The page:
A unique collaboration between a synthetic chemist and a nuclear physicist at Colorado School of Mines has been awarded $1.5 million over five years by the Department of Homeland Security to develop stable, inexpensive materials for detecting dangerous nuclear radiation—the kind that emanates from fissionable material or so-called “dirty bombs.”
The project, led by Chemistry Associate Professor Alan Sellinger and co-principal investigator Physics Professor Uwe Greife, includes Adam Mahl, PhD candidate in applied physics; Henok Yemam, PhD candidate in applied chemistry; Allison Lim, PhD candidate in materials science; Joey Latta, PhD candidate in nuclear engineering and Wasana Senevirathna, a postdoctoral researcher in chemistry.
The chemistry side of the project has been designing and synthesizing organic materials that can be formulated into plastic shapes for converting high-energy nuclear radiation into visible and ultraviolet light. These resulting scintillators—currently disc-shaped pieces that can fit in one’s palm—are then tested by the nuclear physicists who couple them to sensors that measure the amount of visible and ultraviolet photons generated and correlate that to the radiation absorbed.
While the technology itself is not new, “there’s no product out there that is good enough and stable enough to be widely deployed,” Greife said. “So what we are doing is a variation on previous approaches that have promise.”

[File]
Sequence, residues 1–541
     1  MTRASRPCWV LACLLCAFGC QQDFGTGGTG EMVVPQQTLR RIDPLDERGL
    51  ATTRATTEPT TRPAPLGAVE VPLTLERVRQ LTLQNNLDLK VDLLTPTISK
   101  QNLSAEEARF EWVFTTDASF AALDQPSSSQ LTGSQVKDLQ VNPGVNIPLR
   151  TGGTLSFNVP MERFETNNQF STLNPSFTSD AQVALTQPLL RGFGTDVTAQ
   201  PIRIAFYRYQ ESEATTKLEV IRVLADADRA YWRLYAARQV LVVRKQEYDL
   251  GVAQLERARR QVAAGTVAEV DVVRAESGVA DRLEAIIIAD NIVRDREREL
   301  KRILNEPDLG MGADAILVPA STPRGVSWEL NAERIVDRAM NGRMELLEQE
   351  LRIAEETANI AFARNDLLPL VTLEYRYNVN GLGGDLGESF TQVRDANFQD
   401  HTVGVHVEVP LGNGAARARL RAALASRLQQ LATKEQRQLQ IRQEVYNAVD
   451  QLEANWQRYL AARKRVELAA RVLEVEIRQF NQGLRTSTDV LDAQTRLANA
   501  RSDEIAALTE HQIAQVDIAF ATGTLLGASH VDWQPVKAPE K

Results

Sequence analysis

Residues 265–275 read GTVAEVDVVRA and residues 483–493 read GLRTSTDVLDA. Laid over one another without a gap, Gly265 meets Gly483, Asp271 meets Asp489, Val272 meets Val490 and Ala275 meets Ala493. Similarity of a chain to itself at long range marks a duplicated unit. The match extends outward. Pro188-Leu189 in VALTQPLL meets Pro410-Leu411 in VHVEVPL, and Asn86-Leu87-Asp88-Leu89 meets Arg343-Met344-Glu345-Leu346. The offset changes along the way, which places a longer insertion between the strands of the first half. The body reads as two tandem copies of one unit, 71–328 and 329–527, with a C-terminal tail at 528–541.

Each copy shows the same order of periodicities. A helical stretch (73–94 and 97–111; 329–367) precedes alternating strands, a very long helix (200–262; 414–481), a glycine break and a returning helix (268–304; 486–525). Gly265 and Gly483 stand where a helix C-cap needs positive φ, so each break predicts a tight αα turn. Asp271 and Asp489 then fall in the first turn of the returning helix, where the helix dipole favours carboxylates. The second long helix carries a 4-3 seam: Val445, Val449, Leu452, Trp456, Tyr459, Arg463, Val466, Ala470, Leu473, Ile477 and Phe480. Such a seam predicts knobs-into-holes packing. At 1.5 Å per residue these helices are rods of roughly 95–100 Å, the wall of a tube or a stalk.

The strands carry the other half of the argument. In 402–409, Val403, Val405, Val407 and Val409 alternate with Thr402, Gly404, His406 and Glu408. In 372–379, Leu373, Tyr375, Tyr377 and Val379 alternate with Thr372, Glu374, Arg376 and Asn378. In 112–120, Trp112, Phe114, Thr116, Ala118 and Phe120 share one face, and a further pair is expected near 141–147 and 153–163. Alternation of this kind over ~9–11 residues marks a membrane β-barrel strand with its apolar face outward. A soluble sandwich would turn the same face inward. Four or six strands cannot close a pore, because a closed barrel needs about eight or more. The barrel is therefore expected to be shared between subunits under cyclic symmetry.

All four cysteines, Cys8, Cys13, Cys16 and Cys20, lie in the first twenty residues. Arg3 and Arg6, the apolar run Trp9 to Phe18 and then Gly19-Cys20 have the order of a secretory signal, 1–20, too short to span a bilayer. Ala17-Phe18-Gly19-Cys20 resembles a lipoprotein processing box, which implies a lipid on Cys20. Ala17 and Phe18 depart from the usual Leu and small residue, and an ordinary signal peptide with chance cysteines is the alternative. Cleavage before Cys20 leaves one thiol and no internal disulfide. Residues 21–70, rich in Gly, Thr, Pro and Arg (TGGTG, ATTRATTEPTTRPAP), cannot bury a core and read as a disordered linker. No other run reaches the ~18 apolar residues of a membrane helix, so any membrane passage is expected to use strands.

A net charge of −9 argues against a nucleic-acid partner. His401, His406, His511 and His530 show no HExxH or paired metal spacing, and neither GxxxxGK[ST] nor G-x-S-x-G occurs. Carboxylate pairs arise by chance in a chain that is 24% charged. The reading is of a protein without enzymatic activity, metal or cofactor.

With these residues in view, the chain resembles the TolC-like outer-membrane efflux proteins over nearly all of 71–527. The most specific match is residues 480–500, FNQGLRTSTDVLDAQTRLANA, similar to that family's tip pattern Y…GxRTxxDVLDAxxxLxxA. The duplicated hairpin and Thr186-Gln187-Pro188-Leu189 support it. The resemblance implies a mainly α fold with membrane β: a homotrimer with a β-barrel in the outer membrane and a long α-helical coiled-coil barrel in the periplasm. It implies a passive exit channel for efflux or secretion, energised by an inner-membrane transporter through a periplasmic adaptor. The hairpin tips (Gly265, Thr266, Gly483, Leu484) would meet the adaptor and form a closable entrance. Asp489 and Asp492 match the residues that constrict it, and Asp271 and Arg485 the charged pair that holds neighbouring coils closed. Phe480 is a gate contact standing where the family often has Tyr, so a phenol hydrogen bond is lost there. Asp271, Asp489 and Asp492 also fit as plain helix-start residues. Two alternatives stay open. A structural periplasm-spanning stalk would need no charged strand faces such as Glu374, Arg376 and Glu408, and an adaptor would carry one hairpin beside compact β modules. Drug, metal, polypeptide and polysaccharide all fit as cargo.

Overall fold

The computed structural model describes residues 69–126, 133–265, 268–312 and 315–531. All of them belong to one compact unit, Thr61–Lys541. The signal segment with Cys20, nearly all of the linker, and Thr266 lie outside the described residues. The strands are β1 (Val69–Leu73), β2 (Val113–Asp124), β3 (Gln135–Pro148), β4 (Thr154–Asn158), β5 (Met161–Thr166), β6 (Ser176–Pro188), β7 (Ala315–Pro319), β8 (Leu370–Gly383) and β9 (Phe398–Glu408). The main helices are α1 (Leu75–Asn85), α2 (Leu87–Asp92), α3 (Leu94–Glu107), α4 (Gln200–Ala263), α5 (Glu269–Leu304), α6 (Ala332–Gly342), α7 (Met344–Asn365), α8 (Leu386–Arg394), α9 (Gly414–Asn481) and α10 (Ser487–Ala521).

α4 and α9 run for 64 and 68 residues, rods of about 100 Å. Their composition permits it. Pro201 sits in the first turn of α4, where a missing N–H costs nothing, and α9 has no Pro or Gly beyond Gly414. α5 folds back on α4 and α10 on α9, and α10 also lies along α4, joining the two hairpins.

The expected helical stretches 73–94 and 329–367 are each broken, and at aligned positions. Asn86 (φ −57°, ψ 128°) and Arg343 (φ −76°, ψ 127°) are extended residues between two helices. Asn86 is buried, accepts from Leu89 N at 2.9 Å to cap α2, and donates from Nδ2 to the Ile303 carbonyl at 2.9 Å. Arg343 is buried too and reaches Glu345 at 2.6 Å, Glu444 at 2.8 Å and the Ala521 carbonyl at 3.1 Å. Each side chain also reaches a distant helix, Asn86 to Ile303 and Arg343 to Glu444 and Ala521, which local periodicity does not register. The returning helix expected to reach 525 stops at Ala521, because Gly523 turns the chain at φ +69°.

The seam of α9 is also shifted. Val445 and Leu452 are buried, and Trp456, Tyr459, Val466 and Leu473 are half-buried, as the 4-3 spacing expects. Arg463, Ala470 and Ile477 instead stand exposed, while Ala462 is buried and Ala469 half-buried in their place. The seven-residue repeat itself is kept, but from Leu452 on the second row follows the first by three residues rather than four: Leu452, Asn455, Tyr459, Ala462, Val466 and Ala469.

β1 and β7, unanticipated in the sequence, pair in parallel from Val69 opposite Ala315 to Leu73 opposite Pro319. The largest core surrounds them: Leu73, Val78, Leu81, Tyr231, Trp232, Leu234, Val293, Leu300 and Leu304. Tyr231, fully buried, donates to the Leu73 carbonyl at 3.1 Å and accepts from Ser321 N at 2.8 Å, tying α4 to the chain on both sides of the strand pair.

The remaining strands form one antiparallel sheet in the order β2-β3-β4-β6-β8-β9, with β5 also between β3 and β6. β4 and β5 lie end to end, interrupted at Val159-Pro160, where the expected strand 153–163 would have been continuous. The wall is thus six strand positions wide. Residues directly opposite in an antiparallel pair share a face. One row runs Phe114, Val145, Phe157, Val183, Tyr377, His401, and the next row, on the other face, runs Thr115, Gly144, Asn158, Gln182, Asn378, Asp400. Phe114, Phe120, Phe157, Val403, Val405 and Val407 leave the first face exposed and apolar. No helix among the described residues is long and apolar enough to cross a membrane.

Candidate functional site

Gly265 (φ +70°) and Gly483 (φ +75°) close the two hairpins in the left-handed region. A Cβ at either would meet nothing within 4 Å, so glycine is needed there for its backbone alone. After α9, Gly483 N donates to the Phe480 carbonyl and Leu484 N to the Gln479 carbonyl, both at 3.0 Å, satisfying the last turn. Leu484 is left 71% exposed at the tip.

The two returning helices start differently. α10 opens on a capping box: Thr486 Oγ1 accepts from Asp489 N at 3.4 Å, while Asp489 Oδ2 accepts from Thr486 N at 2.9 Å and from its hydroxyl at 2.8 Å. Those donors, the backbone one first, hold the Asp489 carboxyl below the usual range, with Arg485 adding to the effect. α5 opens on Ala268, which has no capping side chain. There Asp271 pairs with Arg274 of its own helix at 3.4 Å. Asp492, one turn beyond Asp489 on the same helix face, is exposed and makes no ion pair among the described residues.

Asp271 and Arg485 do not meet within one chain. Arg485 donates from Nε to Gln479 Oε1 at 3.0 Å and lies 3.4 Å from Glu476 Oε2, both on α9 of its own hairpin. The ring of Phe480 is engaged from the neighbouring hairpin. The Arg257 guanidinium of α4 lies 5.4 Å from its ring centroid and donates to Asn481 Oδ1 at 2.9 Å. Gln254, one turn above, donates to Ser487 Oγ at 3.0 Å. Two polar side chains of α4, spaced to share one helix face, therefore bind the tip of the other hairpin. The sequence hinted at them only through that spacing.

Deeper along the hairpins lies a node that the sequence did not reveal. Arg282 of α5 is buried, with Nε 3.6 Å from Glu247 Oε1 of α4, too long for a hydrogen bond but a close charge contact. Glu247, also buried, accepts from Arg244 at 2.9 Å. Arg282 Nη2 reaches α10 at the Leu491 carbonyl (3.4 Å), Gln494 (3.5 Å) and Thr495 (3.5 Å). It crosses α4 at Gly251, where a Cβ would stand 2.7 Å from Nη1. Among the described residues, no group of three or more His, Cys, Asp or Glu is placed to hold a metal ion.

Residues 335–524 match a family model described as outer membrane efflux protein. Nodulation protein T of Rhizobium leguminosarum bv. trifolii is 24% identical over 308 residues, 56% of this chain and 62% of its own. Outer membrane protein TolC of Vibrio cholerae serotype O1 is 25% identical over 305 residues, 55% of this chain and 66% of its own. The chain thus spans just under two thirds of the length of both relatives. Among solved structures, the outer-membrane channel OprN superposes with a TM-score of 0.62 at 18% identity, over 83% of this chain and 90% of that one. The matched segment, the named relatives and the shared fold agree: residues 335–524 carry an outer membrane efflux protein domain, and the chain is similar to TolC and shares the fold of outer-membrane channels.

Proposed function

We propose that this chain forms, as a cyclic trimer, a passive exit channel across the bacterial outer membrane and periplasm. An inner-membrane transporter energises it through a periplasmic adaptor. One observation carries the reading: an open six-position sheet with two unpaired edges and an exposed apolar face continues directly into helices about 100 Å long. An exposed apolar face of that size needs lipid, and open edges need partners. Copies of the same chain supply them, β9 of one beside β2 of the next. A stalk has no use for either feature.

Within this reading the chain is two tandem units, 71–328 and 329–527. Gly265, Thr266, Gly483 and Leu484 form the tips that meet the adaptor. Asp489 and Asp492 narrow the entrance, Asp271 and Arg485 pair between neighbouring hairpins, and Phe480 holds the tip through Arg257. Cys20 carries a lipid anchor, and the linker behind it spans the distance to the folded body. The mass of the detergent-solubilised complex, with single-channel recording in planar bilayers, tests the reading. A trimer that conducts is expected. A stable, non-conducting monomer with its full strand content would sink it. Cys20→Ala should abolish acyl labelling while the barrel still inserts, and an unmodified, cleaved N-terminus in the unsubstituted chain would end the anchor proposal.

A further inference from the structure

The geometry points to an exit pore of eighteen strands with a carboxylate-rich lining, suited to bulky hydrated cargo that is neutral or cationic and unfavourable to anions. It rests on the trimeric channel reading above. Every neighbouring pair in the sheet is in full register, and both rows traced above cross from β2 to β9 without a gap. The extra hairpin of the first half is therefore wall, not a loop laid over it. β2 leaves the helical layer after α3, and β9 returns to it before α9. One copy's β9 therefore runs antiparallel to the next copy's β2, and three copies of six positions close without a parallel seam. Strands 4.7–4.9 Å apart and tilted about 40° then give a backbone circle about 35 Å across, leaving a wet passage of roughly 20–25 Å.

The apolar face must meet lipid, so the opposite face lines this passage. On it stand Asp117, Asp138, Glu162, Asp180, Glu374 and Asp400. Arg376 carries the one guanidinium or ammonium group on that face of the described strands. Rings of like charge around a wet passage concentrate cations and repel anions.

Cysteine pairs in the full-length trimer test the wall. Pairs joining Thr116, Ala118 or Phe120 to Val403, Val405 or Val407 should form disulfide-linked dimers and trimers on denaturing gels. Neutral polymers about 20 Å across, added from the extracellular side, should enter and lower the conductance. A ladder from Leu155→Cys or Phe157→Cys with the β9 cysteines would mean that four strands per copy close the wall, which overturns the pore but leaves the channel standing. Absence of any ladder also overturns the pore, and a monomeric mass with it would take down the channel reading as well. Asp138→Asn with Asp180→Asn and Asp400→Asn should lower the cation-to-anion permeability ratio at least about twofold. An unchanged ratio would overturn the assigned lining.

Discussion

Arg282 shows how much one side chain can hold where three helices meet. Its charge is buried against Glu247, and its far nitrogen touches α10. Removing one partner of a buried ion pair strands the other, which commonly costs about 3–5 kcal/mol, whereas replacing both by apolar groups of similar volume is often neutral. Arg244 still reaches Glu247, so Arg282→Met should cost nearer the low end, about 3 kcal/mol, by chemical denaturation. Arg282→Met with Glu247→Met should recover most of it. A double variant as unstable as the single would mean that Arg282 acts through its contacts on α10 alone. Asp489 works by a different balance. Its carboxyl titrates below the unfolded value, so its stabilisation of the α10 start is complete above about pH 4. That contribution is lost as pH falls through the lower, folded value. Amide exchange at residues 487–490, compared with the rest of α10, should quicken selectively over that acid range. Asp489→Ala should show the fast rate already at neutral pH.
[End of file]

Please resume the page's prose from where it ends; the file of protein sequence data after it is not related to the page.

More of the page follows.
The new project is complementary to previous work also funded by the DHS’ Domestic Nuclear Detection Office (DNDO), where the team worked on neutron-sensitive additives. In this latest work, they’ve moved on to being able to better detect and analyze Gamma radiation.
The cross-disciplinary partnership has provided the group more options in pursuit of its goals. While other researchers might have to buy the commercial dopants that make plastics emit light, “we are custom-designing those materials to be more efficient and stable,” Sellinger said. “That’s uncommon in this area of study.”
“We have been going to reporting meetings, seeing what other people are doing,” Greife said, “and we’ve been producing the widest variety of things to try out and work on.”
Efficiency is only part of the equation. “We always have to look at the price issue, because in order to get wide deployment you really have to be relatively inexpensive,” Greife said. That’s where the plastic comes in—it’s cheap, and it also has the advantage of being easy to form into various shapes. “You just have to put it into a mold,” Sellinger said. Of course, they must be able to blend their materials evenly into the polymer.
Sellinger and Greife expect to down-select to three or four materials with varying properties that have the most promise. “We would outsource the scale-up of these materials to a company with expertise in this area,” Sellinger said. “Basically, here’s the recipe, and can you make us a few kilograms.”
Synthesizing gram quantities of material is a big step for the chemists. For example in other projects with NREL, Sellinger is working at the milligram scale, processing films just nanometers thick. But eventually, these scintillators will be much larger—entire walls at the entrances to football stadiums or big enough to scan entire trucks and shipping containers.
Mark Ramirez, Communications Manager, College of Applied Science & Engineering | 303-384-2622 | firstname.lastname@example.org
Ashley Spurgeon, Editorial Assistant, Mines magazine | 303-273-3959 | email@example.com